Create and follow procedures December 3, 2010

No policy or procedure = random decisions.

Policy is a guide that stipulates the approach, broad rules, regulations and objectives, used in managers’ decision-making. It is flexible and can be easily interpreted and understood by all employees. An example may be, “It is our policy that all employees be paid on time”. Procedure is instructions on how the policy is to be implemented, for example, “To ensure that all employees are paid on time, follow these steps. Step 1…”.

Managers know that if staff lack policy guidance against which to test decisions, their decisions will be random, and so work aggressively to create policy and procedure (P&P) around areas that are vague, new or unclear. Managers appreciate that P&P increases the value of the business, and ensure all documents match style guidelines and dove-tails in neatly with existing P&P, assessment systems, position descriptions, and Principles-of documents.

P&P exists for many areas of the business. In these instances, managers ensure it is followed. This P&P has been created during the formation of the business, and is the result of trying many options and methods to arrive at the best possible workflow.

Should changes be suggested – something that is always be encouraged, if they will increase efficiency, automate processes, reduce workload, or make the work more enjoyable – they must be reviewed considering the objectives and other effects, then tested, and if successful, incorporated into the documented P&P and related systems.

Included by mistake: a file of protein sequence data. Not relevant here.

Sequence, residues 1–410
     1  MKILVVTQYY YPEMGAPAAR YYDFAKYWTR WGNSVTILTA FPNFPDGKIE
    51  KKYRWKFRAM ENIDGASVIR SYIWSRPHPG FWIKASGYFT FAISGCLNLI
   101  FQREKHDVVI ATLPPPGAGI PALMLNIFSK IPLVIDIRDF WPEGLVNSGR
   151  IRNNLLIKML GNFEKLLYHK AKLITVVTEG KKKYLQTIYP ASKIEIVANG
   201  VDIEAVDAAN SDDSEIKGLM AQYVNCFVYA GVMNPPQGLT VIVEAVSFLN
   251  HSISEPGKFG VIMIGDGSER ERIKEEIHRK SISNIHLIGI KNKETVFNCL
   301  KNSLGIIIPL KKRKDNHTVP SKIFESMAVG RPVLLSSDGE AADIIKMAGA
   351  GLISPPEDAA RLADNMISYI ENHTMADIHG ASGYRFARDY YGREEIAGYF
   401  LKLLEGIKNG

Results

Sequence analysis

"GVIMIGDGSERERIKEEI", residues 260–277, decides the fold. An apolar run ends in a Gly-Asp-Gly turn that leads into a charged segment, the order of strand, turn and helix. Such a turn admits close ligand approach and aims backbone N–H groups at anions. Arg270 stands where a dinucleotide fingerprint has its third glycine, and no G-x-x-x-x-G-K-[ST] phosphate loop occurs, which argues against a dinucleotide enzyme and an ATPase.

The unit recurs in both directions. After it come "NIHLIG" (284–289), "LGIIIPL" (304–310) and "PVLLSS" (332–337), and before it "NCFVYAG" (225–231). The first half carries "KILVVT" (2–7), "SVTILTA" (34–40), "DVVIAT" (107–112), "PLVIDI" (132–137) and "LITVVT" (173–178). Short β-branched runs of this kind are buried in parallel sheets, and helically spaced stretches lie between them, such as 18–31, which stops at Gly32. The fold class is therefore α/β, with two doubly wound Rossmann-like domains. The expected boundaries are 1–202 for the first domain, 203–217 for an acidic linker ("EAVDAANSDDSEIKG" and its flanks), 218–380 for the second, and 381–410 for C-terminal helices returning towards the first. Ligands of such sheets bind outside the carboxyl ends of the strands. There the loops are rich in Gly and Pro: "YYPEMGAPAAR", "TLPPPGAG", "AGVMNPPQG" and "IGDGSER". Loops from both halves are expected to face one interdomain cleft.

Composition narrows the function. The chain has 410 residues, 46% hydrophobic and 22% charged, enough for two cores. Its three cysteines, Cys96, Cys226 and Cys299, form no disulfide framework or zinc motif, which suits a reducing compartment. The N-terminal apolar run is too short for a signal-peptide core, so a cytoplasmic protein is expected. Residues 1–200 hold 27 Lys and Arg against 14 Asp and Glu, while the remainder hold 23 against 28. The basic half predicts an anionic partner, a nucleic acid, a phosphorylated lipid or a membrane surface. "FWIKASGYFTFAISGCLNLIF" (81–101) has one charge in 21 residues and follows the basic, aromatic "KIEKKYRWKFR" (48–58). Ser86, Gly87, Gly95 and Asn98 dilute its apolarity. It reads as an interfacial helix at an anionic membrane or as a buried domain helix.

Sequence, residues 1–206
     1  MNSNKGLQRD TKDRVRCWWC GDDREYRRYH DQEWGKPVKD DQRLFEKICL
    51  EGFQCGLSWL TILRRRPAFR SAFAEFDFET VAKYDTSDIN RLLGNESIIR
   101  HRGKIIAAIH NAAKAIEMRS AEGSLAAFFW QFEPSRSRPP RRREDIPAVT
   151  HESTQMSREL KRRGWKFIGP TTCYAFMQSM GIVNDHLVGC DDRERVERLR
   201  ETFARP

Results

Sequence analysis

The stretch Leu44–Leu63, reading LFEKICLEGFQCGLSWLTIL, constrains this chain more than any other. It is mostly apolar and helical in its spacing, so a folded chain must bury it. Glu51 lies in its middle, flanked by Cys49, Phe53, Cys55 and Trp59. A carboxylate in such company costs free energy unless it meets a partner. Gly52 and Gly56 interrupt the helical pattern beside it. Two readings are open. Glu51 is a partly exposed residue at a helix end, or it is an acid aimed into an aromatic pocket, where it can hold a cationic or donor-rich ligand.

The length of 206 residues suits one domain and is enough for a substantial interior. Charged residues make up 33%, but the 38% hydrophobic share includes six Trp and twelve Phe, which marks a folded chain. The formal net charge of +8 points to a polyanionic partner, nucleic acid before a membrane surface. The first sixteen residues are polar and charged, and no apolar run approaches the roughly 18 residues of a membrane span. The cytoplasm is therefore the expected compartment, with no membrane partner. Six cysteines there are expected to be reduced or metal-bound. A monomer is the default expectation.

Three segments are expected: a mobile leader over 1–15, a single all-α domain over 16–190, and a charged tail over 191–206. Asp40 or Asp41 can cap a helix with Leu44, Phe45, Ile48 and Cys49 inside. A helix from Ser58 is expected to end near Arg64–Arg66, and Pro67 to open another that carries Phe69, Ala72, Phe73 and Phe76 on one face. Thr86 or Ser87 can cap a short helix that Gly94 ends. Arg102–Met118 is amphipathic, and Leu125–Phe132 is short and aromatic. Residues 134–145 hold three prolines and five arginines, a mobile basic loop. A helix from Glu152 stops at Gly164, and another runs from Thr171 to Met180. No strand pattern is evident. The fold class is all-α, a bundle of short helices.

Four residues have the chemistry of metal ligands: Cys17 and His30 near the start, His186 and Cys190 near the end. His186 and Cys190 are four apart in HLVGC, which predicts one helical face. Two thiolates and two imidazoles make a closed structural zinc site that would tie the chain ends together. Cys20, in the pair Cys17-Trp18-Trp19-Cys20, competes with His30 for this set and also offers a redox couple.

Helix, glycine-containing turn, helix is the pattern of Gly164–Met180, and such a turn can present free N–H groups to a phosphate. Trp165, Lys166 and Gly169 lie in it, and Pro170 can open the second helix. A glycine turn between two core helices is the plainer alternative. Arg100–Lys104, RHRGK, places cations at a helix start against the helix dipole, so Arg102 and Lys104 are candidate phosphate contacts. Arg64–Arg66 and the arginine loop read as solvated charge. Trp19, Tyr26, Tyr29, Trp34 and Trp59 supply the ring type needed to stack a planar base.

Managers ensure all staff meet Company and official OHS regulations, and the established safety policies and procedures. They ensure safety is considered and applied for all documentation developed.

Managers ensure that Detailed Duties Lists (DDL) and associated checklists are followed correctly and submitted on time. They understand that rote tasks are key to maintaining standards and keeping the company meeting its objectives.

Managers check staff’s work matches P&P by actively and regularly looking for problems, or places where positive feedback should be delivered. Problems are identified and discussed with the employee, to ensure there are no future breaches. Professional managers work to systemise all processes, so they are instinctive, intuitive, routine, self-regulating, and subconscious. They make new policy “self-executing” with checks, reporting and auditing built-in, actively de-key-man roles and individuals, to make this task frictionless, and design systems to be easy to maintain.

Of course, all of this applies to managers themselves, as well as the employees they manage!

Comments are closed.